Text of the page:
He remained in the background shadows of the stage. Not a word was spoken, but the horse knew he was ready and resumed the journey homeward. Lines 13-14 In this stanza, the speaker emphasizes his attraction to the unknown and perhaps the dangerous. This means attempting to understand why the poem has the shape it does, and contains the words it contains, all for the purpose of finding out in what ways the poem best functions. As he headed home, evening descended. It can evoke emotions, set a , tell a story, or create a deeply and universally understood feeling in its readers.
The traveler wants to take a moment to pause in the quiet woods to watch the snow falling. Beauty alone is a sufficient siren; a sufficient protection against her seduction is an unwillingness to give up on society despite the responsibilities it imposes. He pairs calm, serene American settings with calm, serene feelings of his narration. Here then, is a poem that functions as a perfect vehicle upon which to heap meaning, since, one is likely to think, the mere situation of stopping and looking at woods surely cannot be all there is to the poem. When someone attempts to write poetry this becomes evident and is one of the greater difficulties.
It was sensing his despair. This book is filled with fascinating anecdotes that bring the decade alive. My little horse must think it queer To stop without a farmhouse near Between the woods and frozen lake The darkest evening of the year. While these woods belong to someone, that person is not present and so will not protest if the speaker trespasses. Personal Connection Storyboard Example: The Beach Sight I saw the waves crashing into the rocks at high tide, almost reaching the sea wall. Meanwhile the second and the fourth stanzas are more reflective.
Frost, Robert, Collected Poems, Prose, and Plays, Library of America, 1995. Real life may seem emptier now, and all those familiar oppositions that help us make sense of our lives are open to question. . There is an unspoken communication between a man and his horse, you know. Being naturalistic to the core, Robert Frost grounds his character in a forest, mesmerized by the snowy evening.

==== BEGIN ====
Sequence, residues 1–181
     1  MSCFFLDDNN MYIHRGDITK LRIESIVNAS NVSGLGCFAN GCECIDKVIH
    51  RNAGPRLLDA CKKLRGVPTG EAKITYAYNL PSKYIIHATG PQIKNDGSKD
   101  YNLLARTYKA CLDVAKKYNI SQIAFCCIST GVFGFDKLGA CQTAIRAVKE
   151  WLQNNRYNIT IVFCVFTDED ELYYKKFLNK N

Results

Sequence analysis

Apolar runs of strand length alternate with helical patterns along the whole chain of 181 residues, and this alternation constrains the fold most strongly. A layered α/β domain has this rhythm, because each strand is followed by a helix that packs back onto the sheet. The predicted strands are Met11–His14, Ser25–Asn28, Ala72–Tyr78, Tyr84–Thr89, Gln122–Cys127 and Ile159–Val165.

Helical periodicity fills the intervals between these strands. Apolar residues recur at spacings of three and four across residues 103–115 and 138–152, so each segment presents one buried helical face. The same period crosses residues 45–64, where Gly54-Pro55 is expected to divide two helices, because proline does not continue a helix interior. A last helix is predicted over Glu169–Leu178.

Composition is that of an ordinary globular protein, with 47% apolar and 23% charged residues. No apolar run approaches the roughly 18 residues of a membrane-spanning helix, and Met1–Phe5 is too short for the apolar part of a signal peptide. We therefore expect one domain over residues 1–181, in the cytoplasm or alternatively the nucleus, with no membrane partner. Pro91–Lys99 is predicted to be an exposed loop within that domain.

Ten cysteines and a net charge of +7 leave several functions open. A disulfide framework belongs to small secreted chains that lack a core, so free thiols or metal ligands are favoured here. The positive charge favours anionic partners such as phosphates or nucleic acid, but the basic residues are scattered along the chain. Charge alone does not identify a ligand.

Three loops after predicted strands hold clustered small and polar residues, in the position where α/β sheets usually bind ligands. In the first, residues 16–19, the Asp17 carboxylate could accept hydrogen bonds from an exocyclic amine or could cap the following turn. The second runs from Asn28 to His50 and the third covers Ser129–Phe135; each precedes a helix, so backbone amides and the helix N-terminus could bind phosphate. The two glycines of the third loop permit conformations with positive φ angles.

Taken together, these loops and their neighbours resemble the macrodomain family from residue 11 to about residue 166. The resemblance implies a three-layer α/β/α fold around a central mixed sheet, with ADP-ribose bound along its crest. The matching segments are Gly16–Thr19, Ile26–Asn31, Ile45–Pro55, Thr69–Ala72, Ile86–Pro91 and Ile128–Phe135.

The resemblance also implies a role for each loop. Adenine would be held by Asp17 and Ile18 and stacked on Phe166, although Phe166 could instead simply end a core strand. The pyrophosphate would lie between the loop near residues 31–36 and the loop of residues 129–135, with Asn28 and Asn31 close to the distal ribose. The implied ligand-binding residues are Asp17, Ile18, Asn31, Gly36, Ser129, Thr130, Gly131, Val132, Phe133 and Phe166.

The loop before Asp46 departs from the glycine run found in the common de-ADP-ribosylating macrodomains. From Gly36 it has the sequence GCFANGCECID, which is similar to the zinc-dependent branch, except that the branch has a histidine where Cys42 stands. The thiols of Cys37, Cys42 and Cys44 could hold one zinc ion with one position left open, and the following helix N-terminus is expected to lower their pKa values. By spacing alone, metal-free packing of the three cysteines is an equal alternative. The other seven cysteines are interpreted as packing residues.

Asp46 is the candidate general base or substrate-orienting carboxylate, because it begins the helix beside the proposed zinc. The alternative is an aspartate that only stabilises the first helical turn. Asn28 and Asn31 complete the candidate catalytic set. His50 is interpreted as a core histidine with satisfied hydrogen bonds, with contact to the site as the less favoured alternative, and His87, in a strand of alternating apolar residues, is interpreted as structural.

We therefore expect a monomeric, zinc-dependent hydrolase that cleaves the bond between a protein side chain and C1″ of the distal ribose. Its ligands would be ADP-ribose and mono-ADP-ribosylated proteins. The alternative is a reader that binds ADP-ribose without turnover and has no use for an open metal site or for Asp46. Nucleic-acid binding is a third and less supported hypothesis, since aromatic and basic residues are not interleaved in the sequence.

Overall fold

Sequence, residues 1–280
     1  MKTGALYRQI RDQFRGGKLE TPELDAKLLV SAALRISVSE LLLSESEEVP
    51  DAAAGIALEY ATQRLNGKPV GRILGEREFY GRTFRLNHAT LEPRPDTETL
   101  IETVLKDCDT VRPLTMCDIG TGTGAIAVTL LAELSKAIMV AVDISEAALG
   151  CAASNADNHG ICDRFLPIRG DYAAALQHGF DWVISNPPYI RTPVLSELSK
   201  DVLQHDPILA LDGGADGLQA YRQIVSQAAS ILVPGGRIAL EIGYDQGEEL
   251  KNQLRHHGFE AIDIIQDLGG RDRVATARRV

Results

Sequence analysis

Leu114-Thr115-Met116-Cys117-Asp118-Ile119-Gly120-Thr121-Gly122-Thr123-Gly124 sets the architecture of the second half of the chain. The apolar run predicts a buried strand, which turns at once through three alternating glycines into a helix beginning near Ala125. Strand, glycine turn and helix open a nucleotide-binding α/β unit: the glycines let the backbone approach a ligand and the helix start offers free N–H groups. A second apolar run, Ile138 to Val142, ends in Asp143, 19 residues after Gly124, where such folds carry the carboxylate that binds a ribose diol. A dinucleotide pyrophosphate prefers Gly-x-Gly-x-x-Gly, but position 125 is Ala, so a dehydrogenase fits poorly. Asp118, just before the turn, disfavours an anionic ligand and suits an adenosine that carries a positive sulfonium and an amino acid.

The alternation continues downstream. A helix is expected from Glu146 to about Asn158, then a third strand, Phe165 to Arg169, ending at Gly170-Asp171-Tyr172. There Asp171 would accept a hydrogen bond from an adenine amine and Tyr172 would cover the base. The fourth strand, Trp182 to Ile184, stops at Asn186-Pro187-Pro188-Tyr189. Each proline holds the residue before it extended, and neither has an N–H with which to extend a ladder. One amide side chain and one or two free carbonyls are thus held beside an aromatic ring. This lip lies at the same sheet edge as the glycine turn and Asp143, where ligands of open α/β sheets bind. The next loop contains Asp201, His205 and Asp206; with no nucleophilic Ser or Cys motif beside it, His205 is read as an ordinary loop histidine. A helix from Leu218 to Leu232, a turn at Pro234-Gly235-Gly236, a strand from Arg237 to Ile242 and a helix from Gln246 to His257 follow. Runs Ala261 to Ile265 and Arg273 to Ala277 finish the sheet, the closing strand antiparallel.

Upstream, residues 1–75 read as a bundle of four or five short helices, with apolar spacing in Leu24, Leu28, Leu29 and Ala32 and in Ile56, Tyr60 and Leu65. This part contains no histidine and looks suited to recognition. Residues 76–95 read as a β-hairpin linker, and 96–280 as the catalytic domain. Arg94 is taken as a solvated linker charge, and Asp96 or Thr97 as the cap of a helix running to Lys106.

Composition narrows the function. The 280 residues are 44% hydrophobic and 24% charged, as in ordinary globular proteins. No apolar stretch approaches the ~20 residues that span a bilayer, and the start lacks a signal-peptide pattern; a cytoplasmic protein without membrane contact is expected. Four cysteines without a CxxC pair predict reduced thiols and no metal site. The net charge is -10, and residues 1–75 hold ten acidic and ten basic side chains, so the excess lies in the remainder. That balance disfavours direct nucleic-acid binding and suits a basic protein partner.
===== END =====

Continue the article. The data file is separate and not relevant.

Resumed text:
However, there are two extended metaphors in the poem. We get the feeling that he'd rather be all by his lonesome in the freezing cold than back in the village. They are restful, seductive, lovely, dark, and deep—like deep sleep, like oblivion. The speaker is ready to continue his journey both through the woods and through the remainder of his life; the temptation of enjoying nature's beaty whilst overlooking constant obligations of ones life is higlighted in this poem. The poet intrinsically denotes certain characteristics of the human being. The fourth stanza, however, rhymes every line with d. Once again, we might feel that we are listening to the thoughts of the speaker.
The expression of stopping given in the first continues until the traveler decides to restart his journey. The first two words focus attention on an absent character about whom we only find out two things: that he lives in the village, away from nature, and that he owns the woods. It shows how many people take the beauty of nature for granted, it helps to demonstrate how big of an effect harmonizing with nature can have on us. Personification The horse given human qualities have been personified as a guiding force, reminding the narrator of his duties and preventing him from going haywire. The reader is also able to learn that this poem has two main themes; choices and isolation.